While bubbles were blowing in West Ham, Cardiff City blew hot and cold in the London stadium.
The problem was that the heat was never so strong that a hole in Lukasz Fabianski's gloves was fired, while the rock-cold defense was sometimes statuesque and Lucas Perez and his company prospered.
While Neil Warnock took the positive 3-1 defeat, what did the supporters learn about the Bluebirds and Premier League hopes for survival?
Last chance for penalties and rallies
Cardiff missed the last three penalties – and they were all pretty important misses. Gary Madine and Junior Hoilett did not find the net against wolves last season.
And with Joe Ralls – regularly 12 yards away – in the spotlight of the London stadium, Cardiff went wrong again, a costly mistake, as a goal before the break would have certainly changed the complexion of the competition, as Warnock rightly said.
So is this more punishment on the practice area? It's not so easy that the Bluebirds may need to be more under pressure from the Premier League.
When Victor Camarasa was ready for the next seat, many social media fans already speculated as to whether Ralls would be on the team the next time Cardiff was penalized.
Many have lost patience with the midfielder. His brilliantly consistent performances last season are a distant memory. Aron Gunnarsson and Harry Arter point the way forward. Warnock is a big fan of Ralls and did not want to criticize him after the game, but from a tactical point of view, it would make sense for Camarasa to move to a central position with Josh Murphy.
Warnock will have to make a big call this weekend and hand over his number eight for the Southampton game.
Bennett has to play, but right-back is needed
Warnock insisted that he would be satisfied even if he did not land defensive supplements in January. For him, a defensive midfielder and striker are more pressing concerns.
And he is not wrong, of course not.
But it was unfair to ask Bruno Manga to study the trick of Felipe Anderson and the speed and physicality of Arthur Masuaku. On the other hand, Warnock rightly praised the returned Joe Bennett, but despite the Yorkshireman's protests, it is clear that this defense needs help.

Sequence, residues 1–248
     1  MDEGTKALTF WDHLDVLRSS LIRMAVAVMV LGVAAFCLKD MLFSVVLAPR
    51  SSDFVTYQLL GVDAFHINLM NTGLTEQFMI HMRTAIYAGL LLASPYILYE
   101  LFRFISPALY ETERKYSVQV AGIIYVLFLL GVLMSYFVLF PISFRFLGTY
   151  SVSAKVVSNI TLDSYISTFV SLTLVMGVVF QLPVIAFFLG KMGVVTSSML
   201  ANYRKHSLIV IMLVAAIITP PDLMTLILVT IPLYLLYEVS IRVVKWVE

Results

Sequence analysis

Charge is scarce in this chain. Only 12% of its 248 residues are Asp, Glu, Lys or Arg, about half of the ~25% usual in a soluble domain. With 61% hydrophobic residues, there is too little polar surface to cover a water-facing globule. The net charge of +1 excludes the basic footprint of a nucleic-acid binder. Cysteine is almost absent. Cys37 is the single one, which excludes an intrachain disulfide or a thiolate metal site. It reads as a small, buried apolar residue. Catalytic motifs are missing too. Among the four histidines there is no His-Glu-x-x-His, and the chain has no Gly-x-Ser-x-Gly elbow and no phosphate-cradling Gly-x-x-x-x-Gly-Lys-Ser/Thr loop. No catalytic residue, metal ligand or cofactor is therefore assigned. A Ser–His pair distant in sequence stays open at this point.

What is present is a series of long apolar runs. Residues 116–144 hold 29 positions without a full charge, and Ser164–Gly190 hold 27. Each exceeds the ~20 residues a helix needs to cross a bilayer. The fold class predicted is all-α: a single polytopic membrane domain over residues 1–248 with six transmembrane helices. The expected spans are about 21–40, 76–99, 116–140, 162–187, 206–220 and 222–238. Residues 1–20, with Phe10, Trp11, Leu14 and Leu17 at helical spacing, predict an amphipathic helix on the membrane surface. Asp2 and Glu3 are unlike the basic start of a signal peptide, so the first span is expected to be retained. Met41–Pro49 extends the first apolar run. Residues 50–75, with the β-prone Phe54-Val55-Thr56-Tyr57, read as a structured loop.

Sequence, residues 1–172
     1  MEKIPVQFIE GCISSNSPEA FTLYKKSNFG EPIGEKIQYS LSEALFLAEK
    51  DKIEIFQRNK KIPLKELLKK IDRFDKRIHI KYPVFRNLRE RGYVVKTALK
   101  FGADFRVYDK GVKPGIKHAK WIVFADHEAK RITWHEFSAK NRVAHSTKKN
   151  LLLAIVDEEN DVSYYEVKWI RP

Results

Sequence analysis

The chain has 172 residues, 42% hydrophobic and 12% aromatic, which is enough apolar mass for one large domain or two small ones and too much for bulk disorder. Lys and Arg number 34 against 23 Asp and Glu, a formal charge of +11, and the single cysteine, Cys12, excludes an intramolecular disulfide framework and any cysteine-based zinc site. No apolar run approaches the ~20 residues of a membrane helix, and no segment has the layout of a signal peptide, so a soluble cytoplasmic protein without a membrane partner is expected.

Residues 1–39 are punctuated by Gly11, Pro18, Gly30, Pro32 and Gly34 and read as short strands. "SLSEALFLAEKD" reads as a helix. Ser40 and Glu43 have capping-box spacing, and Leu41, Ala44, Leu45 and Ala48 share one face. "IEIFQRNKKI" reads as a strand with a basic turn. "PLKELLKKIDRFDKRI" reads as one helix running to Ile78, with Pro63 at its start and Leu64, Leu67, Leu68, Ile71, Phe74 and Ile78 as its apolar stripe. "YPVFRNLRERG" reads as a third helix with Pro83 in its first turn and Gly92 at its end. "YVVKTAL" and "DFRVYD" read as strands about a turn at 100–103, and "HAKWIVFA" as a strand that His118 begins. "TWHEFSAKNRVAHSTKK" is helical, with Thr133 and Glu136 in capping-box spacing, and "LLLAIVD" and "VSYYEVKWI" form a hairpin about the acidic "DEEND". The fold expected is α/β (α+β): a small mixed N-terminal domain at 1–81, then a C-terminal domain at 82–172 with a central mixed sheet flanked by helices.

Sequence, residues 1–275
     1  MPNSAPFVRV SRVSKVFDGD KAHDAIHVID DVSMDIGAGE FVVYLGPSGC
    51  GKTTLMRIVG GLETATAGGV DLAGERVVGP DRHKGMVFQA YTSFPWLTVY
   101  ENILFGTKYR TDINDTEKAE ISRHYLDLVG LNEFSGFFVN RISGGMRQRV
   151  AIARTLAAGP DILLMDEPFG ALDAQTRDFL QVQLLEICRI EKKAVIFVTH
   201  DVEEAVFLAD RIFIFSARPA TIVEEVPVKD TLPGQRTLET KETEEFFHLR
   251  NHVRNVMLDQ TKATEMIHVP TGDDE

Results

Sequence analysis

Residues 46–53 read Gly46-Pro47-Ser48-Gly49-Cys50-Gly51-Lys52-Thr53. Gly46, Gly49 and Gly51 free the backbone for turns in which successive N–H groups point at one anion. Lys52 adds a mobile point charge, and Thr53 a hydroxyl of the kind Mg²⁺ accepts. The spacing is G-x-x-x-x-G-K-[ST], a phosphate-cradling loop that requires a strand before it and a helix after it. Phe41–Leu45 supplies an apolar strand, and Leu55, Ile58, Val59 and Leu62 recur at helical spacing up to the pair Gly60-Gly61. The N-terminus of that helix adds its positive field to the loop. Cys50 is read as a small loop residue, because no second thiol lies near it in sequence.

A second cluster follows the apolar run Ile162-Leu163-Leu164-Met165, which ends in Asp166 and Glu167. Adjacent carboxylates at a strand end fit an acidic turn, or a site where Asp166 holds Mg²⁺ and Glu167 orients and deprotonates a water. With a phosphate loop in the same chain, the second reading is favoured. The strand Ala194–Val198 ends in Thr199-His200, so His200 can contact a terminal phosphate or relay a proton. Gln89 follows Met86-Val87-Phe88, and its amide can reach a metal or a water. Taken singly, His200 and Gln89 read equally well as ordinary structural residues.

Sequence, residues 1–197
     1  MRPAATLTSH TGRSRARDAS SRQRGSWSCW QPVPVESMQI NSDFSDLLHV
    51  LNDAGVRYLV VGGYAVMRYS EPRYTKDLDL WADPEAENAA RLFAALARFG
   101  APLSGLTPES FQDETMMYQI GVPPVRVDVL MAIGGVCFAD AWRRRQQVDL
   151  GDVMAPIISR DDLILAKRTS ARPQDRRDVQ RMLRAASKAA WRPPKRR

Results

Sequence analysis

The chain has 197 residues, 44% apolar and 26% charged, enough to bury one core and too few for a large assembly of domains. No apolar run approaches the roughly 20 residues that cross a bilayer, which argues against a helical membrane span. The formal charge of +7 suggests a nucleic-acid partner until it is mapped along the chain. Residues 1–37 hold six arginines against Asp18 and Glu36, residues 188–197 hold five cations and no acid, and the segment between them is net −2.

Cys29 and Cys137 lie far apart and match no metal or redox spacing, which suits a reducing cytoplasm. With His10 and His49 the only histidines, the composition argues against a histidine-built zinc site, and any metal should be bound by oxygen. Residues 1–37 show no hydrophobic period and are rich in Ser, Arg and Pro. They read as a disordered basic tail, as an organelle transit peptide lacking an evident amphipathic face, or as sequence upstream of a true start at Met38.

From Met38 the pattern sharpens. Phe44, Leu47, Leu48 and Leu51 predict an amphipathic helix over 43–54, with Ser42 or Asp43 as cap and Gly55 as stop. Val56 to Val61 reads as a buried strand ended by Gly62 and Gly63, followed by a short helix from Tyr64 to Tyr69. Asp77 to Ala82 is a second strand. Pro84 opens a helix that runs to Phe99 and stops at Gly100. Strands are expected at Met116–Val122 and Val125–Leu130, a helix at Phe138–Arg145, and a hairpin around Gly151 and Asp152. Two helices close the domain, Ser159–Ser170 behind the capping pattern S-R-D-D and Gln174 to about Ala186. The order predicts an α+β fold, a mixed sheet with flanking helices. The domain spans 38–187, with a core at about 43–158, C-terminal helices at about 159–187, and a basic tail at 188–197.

The ridiculous misunderstanding between Bennett and Sean Morrison for Perez's first goal was only the latest in a series of errors in Bluebird's backline.
For those who have seen the last four outperform the best championship attacks this past season, this is a puzzling sight, and in truth, it has gone too far. There is a growing sense that Manga has to play in central defense or not at all.
Cardiff was associated with Nathaniel Clyne, and a right back of this caliber would certainly help.
Big names on the bench (again)
Is it just Warnock's goal for his team to remain tight and determined, leaving Bobby Decordova-Reid and Josh Murphy on the bench for such games? Or lack of trust of the manager in his summer contracts? We can only hope that it is the former and not the latter.
Neither player has done a great deal of damage to his case, both impressed in short bursts this season – especially Murphy, who even scored in the most unlikely situations in West Ham.
Due to the way Cardiff played in the first half, Warnock deserves to doubt this selection. They were compact and the back four largely undisturbed – due to the protection offered by Gunnarsson, Arter and Ralls.
Tactically, it looked like a decent move until the game had come off after the break.
But when Southampton visits the Cardiff City stadium this weekend, Warnock will have to solve a $ 21 million talent. Murphy and Reid have to start – both.
Cardiff has shown that they can almost always be worried about the Premier League when they roll the dice. In Murphy and Reid, they have speed, trickery, foresight and goal, and Saints, the new manager or not, will find it hard to stop them
Light shimmer in the dark
Take the 20-minute spell on both sides of the half-time, photocopy it, attach it to the wall of the dressing room and use it as a blueprint for future performances.
As Warnock said (presumably with respect to Cardiff's purple spots): "I thought it showed we could win games from home."
Football was more progressive than at Stamford Bridge, Anfield or Goodison Park. It was on the ground, it was fast and it was flowing.
Unfortunately, it was all too short, Cardiff experienced a "great 12 minutes," as the manager cleverly put it, from which they could never recover.
If Ralls had converted the penalty, we might have seen a different performance in Cardiff City. We may even have seen a victory.
It was not meant to be, but it was enough to give all fans hope for future travel this season.